According to a new analysis, Georgia’s manufacturing and technology industries might experience a major boost from the 5G economy.

5G, the next innovation in the wireless communications industry is slated to roll out over the next decade and is expected to impact Georgia’s top industries significantly.

CTIA and Boston Consulting Group report that it may boost Georgia’s economy by $44.3 billion, according to the report. Jobs and GDP are expected to expand in industries such as manufacturing and technology, healthcare and e-commerce.

According to Matthieu Bloch, a Georgia Tech wireless communications expert, it allows machine-to-machine connection and dependable, low-latency connectivity. As a result, individuals can remotely manage robots or other items with a real-time response that’s faster than 4G technology.

As with previous generations of wireless communication, this 10-year deployment is predicated on the time it took for past generations to become widely adopted.

Three hundred eighty thousand new jobs are expected to be created by 5G in manufacturing, according to CTIA’s research. As CTIA chief communications officer Nick Ludlum explained, “5G allows for automation and robotics in the manufacturing industry.” Different sets of abilities are needed for each of the technologies.

The Georgia Department of Economic Development reported that Georgia has a strong manufacturing industry that produces $61.1 billion in production with 270,000 jobs. They could be re-invented via new networking.

To go along with this, the report predicts that information services and technology in the United States would create 205,000 new employment and generate $217 billion in revenues by 2025.

A growing startup ecosystem and new corporate technology tenants are helping Atlanta become a nationally known tech hub, and 5G might help the city attract new, high-growth enterprises.

Bloch explained that this is conceivable since many of the uses of 5G may not yet be realised. For example, ridesharing and meal delivery were made possible by the deployment of 4G technology and were before impossible or unimaginable.

Healthcare is another industry that could benefit from 5G. Despite Atlanta’s reputation as “the centre of public health” thanks to Emory University and its extensive healthcare network, rural Georgia hospitals have been forced to close during the past decade due to a lack of funding.

Bloch said a doctor could perform remote surgery using 5G by wirelessly connecting to a robot that responds instantly to their signals.

Report: 5G capabilities might make the city’s supply chain sector even more efficient due to the pandemic’s e-commerce development, such as permitting more drone use for moving items.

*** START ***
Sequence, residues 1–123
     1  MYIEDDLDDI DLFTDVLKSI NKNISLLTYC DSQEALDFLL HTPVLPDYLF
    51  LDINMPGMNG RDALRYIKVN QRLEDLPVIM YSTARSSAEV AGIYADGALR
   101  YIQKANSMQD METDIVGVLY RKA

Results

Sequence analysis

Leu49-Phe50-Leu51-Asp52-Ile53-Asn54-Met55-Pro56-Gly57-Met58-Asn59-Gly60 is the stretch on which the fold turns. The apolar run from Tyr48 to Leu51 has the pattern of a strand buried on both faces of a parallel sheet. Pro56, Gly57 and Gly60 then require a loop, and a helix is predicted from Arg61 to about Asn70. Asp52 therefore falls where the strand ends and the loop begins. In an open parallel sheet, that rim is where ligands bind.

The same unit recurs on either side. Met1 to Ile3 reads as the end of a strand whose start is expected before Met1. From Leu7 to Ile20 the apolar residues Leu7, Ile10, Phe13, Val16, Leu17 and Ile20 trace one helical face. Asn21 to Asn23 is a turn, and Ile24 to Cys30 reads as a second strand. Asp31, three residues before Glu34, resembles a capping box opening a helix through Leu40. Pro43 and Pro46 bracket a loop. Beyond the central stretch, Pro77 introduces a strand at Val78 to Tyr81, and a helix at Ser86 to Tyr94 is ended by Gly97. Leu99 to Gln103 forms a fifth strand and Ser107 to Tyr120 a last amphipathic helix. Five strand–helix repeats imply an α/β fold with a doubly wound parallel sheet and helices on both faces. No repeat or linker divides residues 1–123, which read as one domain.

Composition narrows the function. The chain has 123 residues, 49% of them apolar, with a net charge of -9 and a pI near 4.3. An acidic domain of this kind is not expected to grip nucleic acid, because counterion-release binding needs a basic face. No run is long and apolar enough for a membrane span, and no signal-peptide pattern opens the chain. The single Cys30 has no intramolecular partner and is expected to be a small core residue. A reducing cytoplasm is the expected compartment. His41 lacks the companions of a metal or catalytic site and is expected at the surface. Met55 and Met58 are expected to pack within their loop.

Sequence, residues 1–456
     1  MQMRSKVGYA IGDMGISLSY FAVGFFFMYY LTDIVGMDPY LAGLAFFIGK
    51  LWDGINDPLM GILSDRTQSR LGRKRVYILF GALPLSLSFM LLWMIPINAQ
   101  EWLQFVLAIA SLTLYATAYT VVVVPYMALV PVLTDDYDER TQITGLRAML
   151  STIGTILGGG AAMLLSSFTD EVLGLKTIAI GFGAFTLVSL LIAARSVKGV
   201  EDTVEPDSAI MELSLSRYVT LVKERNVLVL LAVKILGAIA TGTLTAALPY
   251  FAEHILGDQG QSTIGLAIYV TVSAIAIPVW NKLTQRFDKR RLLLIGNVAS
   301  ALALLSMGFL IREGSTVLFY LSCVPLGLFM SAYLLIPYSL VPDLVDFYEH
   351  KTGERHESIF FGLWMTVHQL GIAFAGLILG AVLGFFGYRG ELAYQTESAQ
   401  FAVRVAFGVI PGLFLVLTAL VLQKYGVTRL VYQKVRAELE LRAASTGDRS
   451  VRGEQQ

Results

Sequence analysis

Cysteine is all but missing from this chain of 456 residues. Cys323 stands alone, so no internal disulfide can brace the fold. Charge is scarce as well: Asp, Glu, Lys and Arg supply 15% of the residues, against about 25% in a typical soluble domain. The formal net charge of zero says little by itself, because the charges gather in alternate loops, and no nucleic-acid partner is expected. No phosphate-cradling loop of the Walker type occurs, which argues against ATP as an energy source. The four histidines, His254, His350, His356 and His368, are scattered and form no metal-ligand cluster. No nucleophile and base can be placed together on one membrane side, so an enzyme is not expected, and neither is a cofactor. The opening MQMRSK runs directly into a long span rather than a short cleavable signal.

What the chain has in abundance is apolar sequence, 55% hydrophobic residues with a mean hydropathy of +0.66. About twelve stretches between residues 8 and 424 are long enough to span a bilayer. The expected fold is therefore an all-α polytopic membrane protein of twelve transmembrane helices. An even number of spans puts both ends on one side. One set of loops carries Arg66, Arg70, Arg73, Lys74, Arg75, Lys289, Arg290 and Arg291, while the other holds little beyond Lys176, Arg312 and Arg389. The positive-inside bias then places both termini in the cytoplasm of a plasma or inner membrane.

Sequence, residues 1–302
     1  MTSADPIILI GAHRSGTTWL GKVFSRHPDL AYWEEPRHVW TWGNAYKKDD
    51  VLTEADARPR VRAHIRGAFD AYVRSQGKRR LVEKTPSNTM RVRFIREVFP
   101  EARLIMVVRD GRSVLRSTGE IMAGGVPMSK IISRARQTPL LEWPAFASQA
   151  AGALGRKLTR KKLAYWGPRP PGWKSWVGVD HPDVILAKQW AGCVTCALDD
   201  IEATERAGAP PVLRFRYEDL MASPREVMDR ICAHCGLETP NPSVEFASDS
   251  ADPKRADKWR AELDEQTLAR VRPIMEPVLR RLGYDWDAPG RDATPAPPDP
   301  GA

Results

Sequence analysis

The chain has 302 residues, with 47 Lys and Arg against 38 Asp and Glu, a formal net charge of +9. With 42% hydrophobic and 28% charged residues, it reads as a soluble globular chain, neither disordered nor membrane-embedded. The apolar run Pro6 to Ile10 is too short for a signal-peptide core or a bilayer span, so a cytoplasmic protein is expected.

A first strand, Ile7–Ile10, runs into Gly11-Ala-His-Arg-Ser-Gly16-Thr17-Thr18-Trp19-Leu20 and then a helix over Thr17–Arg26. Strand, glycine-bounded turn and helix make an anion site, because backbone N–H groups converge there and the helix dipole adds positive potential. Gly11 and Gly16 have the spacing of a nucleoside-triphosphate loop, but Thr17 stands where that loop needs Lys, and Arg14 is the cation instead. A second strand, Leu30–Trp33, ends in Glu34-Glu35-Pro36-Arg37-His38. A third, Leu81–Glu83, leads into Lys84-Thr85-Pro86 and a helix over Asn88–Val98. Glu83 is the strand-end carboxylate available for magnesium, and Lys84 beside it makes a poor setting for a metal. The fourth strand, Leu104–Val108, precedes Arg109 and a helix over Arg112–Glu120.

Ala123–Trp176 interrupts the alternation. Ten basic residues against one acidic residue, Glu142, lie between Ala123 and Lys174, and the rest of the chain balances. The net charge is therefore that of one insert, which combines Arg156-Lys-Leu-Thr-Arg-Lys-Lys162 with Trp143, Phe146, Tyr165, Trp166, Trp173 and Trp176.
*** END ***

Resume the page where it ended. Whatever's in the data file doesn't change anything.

In essence, 5G speeds are quicker than 4G, but the experience is the same. Bloch added that 5G’s uses in the physical world will be game-changing but require hardware advances before they can be realised.

5G’s potential will only be realised with new infrastructure and skillsets, according to a report by CTIA. To prepare workers for the new types of employment that will become accessible, Ludlum added, schools and job training programmes should integrate more engineering and software development courses.

The technology also enables autonomous vehicles and “smart city” monitoring, such as when infrastructure needs to be repaired. 5G sensors, which might monitor traffic patterns, air quality, and other data, are “one of the really basic things that enable truly smart cities,” according to Ludlum.

Currently, there is a great need for technology-related jobs. Technology jobs could increase as 5G becomes more widely available. More cybersecurity jobs would help fill the talent shortage, Bloch added. Georgia has more than half of its cybersecurity positions empty, according to Cyberseek, a company that studies the job market for the field in Georgia.

According to the analysis, 5G is expected to create 114,000 new jobs in the state by 2030, but Ludlum warned that it doesn’t include jobs lost to automation or robotics.

Bloch thinks people will have to look at the net number of jobs gained after some are lost when 5G is adopted to get an accurate job total over the next ten years.

Regulatory frameworks must also keep up with technology, Bloch added. He says that agriculture and telemedicine will benefit first from 5G capabilities, followed by more widespread applications, such as autonomous vehicles.

It is worth noting that the state already has initiatives to investigate creative uses of wireless technology. As Bloch explains, the Georgia Tech Research Institute has been looking at ways to optimise Georgia’s agricultural business by using 5G. Crops’ health and growth patterns could be monitored with the use of the new link.


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